CENTENNIAL, Colo. (CBS4) – What a difference 60 minutes of football makes.
The Denver Broncos’ offense, stumbling after two routs in three games including what some players dubbed an “embarrassing” loss to the St. Louis Rams, bounced back with a 39-36 win over the Miami Dolphins on Sunday.
And the Dolphins’ defense was not the JV squad. Entering Sunday’s game, Miami was second in team defense, giving up only 303 total yards per game, and was second in passing yards. They’d allowed just 180 points through 10 games, fourth-best in the NFL.
But the Broncos blew up that 18-point per-game average on Sunday.
It started with the running game. The Broncos rushed 35 times for 201 yards, including C.J. Anderson’s 167 yards and one touchdown.
“I definitely think we have the guys in place in order to make the running game successful on this team,” tackle Orlando Franklin said on Xfinity Monday Live. “Adam Gase and Peyton Manning do a tremendous job of checking into those runs, and they put us into a great position to succeed as an offensive line.”
After the defeat to the Rams a week ago, Broncos’ offensive linemen addressed concerns to the media, something they rarely do. Franklin said they needed to own up to their mistakes.
“We just felt that as an offensive line we needed to step up and take a lot of the heat,” he said. “To be honest, you got guys like Peyton Manning that are sticking their necks out for us, and guys like C.J. Anderson and the running backs sticking their necks out there for us, saying that it’s not the offensive linemen’s fault. But there were definitely things we needed to clean up in the previous 10 games.”
Part of that was achieving offensive balance. In 70 plays on Sunday, the Broncos threw it 35 times and ran it 35 times. Against St. Louis, they rushed only 10 times for 28 yards, while Manning threw the ball 54 times.
Running the football makes throwing the football much easier, Franklin said.
“To run the ball in this league, it makes pass-blocking a lot easier. To be a 320-pound, 325-pound person going backward, trying to block a person that’s smaller than you, that’s a lot faster than you, it makes it a lot harder when you’re going to throw the ball a lot of times. Being balanced is ideal, and it definitely makes offensive linemen a lot happier,” he said.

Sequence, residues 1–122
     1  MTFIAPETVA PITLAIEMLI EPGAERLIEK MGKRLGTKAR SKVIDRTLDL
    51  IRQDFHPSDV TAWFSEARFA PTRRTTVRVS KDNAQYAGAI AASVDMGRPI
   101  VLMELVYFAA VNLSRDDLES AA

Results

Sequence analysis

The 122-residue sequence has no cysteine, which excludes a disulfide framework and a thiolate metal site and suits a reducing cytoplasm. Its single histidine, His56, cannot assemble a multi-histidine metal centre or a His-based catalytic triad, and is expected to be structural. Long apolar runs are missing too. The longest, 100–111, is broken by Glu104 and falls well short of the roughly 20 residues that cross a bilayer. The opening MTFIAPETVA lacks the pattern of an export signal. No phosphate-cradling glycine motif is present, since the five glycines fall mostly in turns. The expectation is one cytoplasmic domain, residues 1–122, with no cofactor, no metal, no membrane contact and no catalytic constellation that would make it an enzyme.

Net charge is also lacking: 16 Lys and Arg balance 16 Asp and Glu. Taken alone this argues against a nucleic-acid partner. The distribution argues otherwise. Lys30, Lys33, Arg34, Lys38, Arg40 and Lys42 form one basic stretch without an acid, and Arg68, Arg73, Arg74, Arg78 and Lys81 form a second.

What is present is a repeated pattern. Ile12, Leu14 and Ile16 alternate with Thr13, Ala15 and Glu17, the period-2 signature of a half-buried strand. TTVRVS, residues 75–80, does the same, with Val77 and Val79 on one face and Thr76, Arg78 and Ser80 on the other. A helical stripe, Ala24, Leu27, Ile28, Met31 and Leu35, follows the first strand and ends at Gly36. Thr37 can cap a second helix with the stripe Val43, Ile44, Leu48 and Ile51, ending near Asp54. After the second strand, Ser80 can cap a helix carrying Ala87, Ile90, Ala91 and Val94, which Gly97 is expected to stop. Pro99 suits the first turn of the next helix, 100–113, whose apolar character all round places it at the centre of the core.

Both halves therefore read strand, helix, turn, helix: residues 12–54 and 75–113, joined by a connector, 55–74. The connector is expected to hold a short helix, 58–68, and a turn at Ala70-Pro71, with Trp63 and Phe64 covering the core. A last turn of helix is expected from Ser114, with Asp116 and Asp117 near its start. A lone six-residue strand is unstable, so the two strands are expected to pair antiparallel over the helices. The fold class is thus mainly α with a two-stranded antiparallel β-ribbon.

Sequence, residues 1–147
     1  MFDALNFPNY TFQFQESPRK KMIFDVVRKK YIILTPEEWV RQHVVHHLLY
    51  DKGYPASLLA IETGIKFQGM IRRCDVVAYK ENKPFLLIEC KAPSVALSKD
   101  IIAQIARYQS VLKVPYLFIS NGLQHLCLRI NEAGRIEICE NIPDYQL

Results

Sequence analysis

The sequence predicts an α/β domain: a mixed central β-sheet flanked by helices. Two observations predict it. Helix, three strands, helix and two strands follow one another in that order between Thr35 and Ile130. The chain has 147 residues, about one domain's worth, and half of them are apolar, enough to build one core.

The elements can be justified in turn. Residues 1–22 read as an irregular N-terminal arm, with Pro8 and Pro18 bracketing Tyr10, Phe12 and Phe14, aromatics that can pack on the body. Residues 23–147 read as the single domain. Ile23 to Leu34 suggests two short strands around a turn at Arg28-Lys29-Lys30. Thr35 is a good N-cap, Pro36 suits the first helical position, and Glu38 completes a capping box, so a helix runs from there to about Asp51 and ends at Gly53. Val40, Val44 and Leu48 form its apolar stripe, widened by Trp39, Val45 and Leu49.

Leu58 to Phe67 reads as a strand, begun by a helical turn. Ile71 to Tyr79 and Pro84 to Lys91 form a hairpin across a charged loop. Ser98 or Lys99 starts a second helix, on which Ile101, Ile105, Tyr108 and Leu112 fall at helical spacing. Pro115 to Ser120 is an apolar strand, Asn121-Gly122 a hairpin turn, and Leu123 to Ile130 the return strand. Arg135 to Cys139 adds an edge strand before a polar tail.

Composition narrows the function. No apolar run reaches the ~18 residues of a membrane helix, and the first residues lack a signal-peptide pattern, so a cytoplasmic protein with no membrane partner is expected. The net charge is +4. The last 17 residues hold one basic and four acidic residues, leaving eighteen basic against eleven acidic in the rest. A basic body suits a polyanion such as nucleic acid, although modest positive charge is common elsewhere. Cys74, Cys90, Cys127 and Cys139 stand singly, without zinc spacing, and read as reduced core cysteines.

He said he hopes the team strives for offensive balance going forward — “If it ain’t broke, why fix it?” he asked — but he said he knows one game doesn’t make them a running team.
Before Sunday’s game, the spotlight shined so uncomfortably on the Broncos’ offensive line that team brass brought in controversial but talented guard Richie Incognito for a workout. They didn’t sign him, but it’s possible they could look at him again later in the season.
Franklin said he wouldn’t mind.
“Absolutely not. We’re paid to play football. Those guys in the front office are paid to make those types of coaching decisions and bring in whoever they feel is going to help us. It wouldn’t offend me. It would just motivate guys. As long as I’m one of the starting five and I’m out there, I’m happy,” he said.
But he said he’s more focused on an integral division matchup in Kansas City on Sunday night. The Broncos hold a one-game lead in the division and the tiebreaker over the Chiefs with a win in Denver in September. He said he knows the raucous crowd won’t make it easy.
The Broncos have won three in a row at Arrowhead, a stadium Franklin said is “neck and neck” with Seattle for the loudest place he’s played. A fourth straight victory there would give Denver a huge two-game cushion.
“It’s hostile, one of the loudest stadiums we’ve ever played in. It’s a big rivalry game, so it’s always great to go out to Kansas City and battle it out for 60 minutes,” he said.
– Written by Tim Skillern for CBSDenver.com
Watch more video with Orlando Franklin in the Xfinity Monday Live section.
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